Senator Sonny Angara is urging young Filipinos to aim high, believe in themselves and do the work required to achieve their goals and realize their dreams.
According to Angara, every Filipino youth has the potential to be great and young age is not an obstacle.
“Young age is no barrier to achieving greatness,” the seasoned legislator said. “Hindi nakasalalay sa edad ang kakayahan para makapag-ambag at makatulong sa pagbabago ng bansa, at ng buong mundo.”
Angara said the youth’s participation in the May 13 polls is a potent instrument of change.
“The country’s future lies in the hands of youngsters, so it is important that they pay attention to the election and use their votes wisely,” the senator said.
“The country’s future lies in the hands of youngsters.”
According to data from the Commission on Elections, there are more than 63 million registered Filipino voters. Of this total, the youth-especially those born in the mid-1990s and early 2000s-comprise around 31 percent, or more than 18.8 million voters.
To prove that young age is no barrier to becoming great, he noted that acclaimed singer-actress Lea Salonga was just 18 when she originated the role of Kim in the megamusical “Miss Saigon”; Jake Zyrus was 15-year-old Charice when she wowed American audience at “The Ellen DeGeneres Show”; and Migz Villafuerte was elected governor of Camarines Sur at the age of 24.
“Twenty-one years old naman si Dr. Jose Rizal noong umalis siya ng bansa para mag-aral sa Espanya, at 25 noong tinapos niya ang ‘Noli Me Tangere’. Si Emilio Jacinto naman, 19 lamang noong unang sumali siya sa Katipunan at 24 years old lang si Gen. Gregorio del Pilar noong napatay siya sa Pasong Tirad,” Angara added.
The youth, he said, should not be afraid to dream big and take pride in the fact that “many of our countrymen have already blazed trails for even more Filipinos to achieve great things on the global stage.”
Angara cited the likes of industrial designer Kenneth Cobonpue; inventor and tech innovator Dado Banatao, who is hailed as the “Pinoy Bill Gates”; Engineer Josephine Santiago-Bond, chief of NASA’s Advanced Engineering Development Branch; Columbia Journalism School Dean Shiela Coronel; Mary Astrid Tuminez, first female president of the Utah Valley University; and boxing legend Manny Pacquiao.
“In one way or another, their work has opened enough doors so that any of you could very well be among the next list of Filipinos to wow the world,” he stressed.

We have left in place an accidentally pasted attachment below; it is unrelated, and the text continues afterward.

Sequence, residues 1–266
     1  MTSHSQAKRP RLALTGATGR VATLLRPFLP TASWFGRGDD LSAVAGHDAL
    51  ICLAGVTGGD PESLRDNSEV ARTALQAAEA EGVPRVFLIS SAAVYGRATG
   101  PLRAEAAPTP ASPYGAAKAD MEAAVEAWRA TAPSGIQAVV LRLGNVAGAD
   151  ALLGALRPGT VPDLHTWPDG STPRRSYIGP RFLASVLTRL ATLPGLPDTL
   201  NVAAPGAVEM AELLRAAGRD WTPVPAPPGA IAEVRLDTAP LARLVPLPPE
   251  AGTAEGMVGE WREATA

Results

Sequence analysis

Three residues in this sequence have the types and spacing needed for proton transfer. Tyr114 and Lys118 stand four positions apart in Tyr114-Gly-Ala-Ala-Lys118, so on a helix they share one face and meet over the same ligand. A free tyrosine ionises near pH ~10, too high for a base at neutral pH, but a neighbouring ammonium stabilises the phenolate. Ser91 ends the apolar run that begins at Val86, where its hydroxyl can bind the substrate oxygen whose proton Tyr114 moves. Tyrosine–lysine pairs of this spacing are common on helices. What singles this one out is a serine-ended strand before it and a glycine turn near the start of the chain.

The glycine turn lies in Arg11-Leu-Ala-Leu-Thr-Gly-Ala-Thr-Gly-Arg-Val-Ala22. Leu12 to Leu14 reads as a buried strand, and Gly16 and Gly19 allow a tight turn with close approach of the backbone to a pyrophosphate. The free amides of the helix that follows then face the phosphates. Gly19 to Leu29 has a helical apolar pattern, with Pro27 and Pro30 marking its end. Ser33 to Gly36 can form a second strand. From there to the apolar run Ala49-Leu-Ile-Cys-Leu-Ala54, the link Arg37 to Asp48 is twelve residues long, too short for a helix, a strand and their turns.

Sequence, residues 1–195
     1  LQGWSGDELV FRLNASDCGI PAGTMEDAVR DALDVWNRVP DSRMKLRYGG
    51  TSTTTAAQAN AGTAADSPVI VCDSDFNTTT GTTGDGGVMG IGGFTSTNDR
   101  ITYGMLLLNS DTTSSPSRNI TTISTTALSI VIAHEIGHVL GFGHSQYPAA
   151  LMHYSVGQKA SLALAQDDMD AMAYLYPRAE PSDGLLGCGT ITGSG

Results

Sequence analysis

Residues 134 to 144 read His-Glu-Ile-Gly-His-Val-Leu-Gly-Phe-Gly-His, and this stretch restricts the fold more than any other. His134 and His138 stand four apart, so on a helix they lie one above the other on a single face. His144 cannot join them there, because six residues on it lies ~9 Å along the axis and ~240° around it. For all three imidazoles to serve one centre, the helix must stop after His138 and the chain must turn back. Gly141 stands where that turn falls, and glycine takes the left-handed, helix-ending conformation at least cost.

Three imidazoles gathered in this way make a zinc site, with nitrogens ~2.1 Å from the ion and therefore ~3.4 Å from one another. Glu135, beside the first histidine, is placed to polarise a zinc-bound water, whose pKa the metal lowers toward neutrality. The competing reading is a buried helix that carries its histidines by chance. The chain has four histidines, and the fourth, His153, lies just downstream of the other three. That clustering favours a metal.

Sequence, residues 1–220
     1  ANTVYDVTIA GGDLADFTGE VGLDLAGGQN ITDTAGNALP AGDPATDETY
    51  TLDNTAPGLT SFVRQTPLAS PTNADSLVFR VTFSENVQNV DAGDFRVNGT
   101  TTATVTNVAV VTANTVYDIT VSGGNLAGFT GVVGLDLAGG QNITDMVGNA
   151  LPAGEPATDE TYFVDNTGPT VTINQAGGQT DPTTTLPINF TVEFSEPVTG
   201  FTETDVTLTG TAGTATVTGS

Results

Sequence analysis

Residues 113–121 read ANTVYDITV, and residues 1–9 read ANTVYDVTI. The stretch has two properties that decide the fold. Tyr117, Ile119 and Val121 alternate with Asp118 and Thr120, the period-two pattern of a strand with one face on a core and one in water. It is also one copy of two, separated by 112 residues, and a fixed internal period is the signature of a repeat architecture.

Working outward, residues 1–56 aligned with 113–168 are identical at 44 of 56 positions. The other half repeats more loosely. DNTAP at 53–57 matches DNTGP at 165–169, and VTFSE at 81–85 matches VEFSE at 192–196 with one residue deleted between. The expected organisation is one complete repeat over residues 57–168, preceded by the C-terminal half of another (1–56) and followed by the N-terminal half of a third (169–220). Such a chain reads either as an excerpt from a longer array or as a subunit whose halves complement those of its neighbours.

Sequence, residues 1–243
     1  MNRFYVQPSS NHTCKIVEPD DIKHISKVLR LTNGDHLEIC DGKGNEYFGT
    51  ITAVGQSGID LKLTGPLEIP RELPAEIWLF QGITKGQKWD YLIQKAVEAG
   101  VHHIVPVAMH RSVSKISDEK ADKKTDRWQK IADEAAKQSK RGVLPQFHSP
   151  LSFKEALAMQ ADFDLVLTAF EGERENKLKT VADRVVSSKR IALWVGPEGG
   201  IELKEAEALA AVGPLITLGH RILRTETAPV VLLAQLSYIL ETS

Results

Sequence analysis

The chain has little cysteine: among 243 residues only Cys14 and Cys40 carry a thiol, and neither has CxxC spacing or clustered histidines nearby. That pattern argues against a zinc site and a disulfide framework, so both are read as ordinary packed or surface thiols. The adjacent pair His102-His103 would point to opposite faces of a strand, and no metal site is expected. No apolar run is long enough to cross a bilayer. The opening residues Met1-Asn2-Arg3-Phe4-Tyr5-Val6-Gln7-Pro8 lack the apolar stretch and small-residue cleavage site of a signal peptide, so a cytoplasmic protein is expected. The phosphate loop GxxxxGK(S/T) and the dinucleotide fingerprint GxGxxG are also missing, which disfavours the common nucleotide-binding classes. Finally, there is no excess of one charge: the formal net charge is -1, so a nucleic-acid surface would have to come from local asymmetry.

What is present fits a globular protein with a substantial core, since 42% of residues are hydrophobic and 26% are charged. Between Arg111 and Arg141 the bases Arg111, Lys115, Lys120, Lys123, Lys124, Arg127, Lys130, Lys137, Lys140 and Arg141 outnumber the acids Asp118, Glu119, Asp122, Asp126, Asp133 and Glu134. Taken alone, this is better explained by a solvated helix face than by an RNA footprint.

Angara nevertheless said that greatness is not something people are born with, but something achieved and acquired through determination and hard work.
“Don’t forget that nothing worth having comes easily. Ang umaayaw ay ‘di nagwawagi at ang nagwawagi ay ‘di umaayaw-lalo na’t ‘pag may tiyaga, may nilaga,” he said.
“Nothing worth having comes easily.”
Angara called on the youth to believe in themselves while assuring them that there are people in government like him who wholeheartedly believe in their capabilities to bring change not just to the country, but also the world.
“Know that there are people like me who are ready to give you as much support as possible. We have done this through laws we’ve fought for through the years,” he said.
Angara has helped make free education from kindergarten to college possible through the Universal Kindergarten Law and Free College Education Law, which he both co-authored.
He also authored the law institutionalizing Public Employment Service Office (PESO) in all provinces, municipalities and cities across the country. The law has strengthened PESO’s employment facilitation services to help more Filipinos land a job.
Aside from ensuring quality and affordable education from kindergarten to college, Angara also co-authored the recently enacted First-Time Jobseekers Act, which exempts first-time jobseekers from paying fees on police clearance, NBI clearance, birth certificate and other government-issued documents that may be required by employers.